Stefanie Mueller, Hasso Plattner Institute
David Eickhoff, Hasso Plattner Institute
Nils Kenneweg, Hasso Plattner Institute
Fabian Eckert, Hasso Plattner Institute
Johannes Villmow, Hasso Plattner Institute
Patrick Baudisch, Hasso Plattner Institute
While personal fabrication tools, such as laser cutters and milling machines, are intended for construction, we are exploring their use for destruction. In this paper, we apply this general concept to video games. These games take place inside the laser cutter and end with game objects being physically destroyed. Causing players to irrevocably lose a personal item during gameplay increases immersion and makes each game unique and non-repeatable.
Keywords: games; fabrication; laser cutting; destruction, loss.
We live in a computer world of plenty and it is getting more plentiful every day. As Moore’s law continues to hold for bandwidth and computer storage, we download and copy, as storing has already de facto become free. And of what we have, we make backups to make sure we will never lose it.
Figure 1: Two players are playing LaserPong by controlling panels inside the laser cutter with their rotary knobs.
With the recent advent of personal fabrication tools, this trend is now about to begin for physical matter , . According to Gershenfeld , 3D scanners and printers will soon to be found in every home. Users will regularly scan, copy, share, and back-up their physical objects, so as to have more and be save of loss.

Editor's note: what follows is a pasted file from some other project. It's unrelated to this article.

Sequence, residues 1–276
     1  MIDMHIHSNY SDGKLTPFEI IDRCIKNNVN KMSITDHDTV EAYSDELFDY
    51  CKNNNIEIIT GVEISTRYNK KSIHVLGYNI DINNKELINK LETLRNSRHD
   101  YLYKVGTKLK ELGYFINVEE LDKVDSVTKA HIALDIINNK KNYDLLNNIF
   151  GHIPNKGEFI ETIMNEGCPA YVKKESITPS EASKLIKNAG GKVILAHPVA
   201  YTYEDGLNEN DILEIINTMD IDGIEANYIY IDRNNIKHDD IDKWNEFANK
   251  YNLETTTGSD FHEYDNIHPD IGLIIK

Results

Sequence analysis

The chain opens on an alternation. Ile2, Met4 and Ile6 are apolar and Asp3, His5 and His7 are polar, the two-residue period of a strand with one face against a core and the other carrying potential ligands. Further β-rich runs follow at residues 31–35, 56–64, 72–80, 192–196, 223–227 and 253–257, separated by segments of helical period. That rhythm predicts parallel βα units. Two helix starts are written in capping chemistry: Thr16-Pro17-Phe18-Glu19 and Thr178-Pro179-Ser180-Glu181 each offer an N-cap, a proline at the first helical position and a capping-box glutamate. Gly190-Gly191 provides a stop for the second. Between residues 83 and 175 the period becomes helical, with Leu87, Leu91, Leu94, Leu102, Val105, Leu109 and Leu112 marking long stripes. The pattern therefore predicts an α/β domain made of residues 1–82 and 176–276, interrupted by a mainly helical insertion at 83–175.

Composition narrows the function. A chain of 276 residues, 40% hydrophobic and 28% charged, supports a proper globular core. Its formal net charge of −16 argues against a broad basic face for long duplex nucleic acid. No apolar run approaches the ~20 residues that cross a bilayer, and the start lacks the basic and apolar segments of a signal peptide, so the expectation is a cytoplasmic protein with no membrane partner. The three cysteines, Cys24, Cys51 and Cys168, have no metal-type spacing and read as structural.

Or will they? Voonegut explains that almost all stories involve loss at some point , leveraging the experience of loss to create emotion. In many cultures, from ZenBuddhism  to BurningMan  loss and letting go are considered as a means for personal development.
In this paper, we explore loss in the concept of physical computer games. We use tools generally intended for construction—but we repurpose them for destruction. All games involve physical destruction of objects as part of their main game mechanics.
The concept of destruction and loss has primarily been elaborated on by modern arts, often in the form of games. Several pieces give visitors the choice whether or not to destroy a piece of community property. In Helena  liquidizers serve as an aquarium for living goldfishes, which can be switched on at a player’s will. In Desu100  players can destroy a robot by pushing a button that causes the robot to hit itself with a hammer. The Recovery of Discovery  consists of a pyramid from hundreds of cases of beer; visitors can drink the beer and destroy the bottles.